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We are Family Documentary Update #3: Release of We are Family Delayed

I set the release date for the “We are Family” documentary for March 23, 2019. While work on the movie is progressing well, I have had to swallow my pride and accept the fact that I could deliver a finished movie on that that release date off. Here’s why.

THE SHEER AMOUNT OF WORK

Making a movie is a lot of work. There are a myriad of moving pieces – from video editing, to getting release forms for people we’ve interviewed, to lining up a venue, to communicating with our musicians.

For example, last week I spent time going through video footage providing feedback to David Lichty who is doing video production. There was 1 hour and 17 minutes of video footage that just covers the lead up to the 2013-2014 season.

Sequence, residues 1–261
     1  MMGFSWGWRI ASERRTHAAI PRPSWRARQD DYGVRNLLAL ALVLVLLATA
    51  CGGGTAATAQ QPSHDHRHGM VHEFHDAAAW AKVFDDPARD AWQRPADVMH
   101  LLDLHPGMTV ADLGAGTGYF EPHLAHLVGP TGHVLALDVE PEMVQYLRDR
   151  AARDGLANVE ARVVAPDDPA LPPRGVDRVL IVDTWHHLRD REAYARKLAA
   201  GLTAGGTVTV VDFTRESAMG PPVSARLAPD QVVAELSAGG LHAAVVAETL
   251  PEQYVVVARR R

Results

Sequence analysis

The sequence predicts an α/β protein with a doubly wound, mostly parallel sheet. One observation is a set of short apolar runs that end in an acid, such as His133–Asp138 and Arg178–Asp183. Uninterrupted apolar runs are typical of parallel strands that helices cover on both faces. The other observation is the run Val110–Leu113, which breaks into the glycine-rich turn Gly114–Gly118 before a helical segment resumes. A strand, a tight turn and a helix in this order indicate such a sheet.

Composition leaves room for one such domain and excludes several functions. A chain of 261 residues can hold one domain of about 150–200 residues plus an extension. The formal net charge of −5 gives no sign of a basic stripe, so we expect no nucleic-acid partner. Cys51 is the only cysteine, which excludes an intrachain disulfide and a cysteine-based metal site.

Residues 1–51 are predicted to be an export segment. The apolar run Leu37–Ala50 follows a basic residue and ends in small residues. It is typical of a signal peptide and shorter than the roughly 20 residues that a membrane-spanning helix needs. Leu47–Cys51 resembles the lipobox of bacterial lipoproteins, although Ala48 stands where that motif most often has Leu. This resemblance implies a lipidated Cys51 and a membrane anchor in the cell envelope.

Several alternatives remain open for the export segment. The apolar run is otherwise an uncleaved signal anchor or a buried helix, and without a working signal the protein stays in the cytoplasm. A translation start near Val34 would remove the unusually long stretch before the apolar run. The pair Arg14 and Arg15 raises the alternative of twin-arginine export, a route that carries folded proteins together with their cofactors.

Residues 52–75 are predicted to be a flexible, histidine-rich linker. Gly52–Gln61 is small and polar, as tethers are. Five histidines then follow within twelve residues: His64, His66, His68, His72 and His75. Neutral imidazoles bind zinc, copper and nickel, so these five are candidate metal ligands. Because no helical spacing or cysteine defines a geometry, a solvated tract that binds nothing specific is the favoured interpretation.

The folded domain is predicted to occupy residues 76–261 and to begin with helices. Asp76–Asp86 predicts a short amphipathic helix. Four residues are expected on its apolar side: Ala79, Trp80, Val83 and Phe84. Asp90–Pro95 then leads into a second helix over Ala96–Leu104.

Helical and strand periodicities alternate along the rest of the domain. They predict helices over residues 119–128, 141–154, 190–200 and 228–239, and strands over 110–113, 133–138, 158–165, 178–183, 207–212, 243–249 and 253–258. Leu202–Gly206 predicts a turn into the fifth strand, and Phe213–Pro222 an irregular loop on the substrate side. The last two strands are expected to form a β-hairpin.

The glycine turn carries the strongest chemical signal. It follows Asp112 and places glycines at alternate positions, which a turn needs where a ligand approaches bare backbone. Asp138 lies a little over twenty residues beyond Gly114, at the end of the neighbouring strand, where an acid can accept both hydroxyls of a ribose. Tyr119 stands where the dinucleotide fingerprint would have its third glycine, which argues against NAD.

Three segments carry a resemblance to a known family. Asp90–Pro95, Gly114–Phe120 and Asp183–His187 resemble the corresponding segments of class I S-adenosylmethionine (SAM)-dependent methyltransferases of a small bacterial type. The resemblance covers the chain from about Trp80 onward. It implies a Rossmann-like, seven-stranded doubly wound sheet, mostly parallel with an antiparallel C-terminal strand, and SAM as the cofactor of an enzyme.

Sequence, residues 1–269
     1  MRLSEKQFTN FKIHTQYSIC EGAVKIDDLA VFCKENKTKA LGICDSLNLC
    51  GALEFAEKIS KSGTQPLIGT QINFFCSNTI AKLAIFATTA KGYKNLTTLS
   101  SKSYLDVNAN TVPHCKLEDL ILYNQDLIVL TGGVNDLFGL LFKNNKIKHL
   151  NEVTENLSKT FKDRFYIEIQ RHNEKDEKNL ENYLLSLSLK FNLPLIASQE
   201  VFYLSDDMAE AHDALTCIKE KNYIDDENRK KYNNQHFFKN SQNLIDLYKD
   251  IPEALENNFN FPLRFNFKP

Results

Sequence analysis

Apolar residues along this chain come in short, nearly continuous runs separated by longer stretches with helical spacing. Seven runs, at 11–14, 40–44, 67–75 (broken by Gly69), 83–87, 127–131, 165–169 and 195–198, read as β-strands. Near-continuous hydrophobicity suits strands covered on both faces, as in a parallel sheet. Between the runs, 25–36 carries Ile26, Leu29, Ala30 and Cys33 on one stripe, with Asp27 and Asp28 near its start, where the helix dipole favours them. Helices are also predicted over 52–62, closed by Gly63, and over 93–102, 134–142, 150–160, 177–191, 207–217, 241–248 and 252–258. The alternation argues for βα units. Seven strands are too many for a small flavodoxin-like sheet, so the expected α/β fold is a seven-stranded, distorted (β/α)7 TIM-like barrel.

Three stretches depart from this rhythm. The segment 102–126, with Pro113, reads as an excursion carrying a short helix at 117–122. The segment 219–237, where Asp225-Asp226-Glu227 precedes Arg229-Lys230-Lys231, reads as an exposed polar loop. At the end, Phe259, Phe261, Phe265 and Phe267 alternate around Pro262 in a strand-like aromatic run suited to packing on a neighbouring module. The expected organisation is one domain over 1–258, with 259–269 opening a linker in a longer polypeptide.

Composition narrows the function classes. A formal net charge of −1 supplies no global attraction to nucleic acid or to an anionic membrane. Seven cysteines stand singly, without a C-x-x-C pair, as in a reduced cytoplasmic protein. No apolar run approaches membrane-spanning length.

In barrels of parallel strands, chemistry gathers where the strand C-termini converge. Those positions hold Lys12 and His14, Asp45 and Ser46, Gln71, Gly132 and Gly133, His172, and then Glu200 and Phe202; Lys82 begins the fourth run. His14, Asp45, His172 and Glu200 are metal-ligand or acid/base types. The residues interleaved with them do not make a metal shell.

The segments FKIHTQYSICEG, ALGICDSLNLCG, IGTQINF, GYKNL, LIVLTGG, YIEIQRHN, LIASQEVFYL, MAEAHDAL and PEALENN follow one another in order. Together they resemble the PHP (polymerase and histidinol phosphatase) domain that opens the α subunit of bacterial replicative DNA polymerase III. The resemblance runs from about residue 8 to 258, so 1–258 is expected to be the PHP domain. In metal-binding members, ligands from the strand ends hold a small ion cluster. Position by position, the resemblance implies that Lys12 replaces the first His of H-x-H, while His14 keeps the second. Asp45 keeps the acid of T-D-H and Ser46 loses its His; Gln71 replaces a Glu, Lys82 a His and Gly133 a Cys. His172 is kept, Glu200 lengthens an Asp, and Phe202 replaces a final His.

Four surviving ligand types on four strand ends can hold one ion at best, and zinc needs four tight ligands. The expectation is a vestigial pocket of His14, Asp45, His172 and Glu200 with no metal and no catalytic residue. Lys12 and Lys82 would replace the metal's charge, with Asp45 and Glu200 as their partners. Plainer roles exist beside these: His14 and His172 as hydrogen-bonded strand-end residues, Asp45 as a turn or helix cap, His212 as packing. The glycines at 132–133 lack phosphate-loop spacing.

The sheer amount of work, plus the fact that for both David and I this is not our full-time jobs and that we are both finding time to work on this labor of love in our off-work hours means that it just is taking longer than I hoped and planned.

COMPLICATIONS, COSTS AND DECISIONS

I shared in my February update that I had run into some complications and new costs that I had not anticipated. For example, to get permission to use Indiana High School Athletic Association video, we need to have Movie Insurance. I should be getting a bid on the cost of that shortly. I did not anticipate these complications and costs when I set March 23 as the release date for the movie.

CREATIVE FEEDBACK

We have a number of people who will be viewing the “uncut” version of the movie to provide technical, artistic, creative and factual feedback. Their feedback is valuable and necessary for us to make the best possible movie.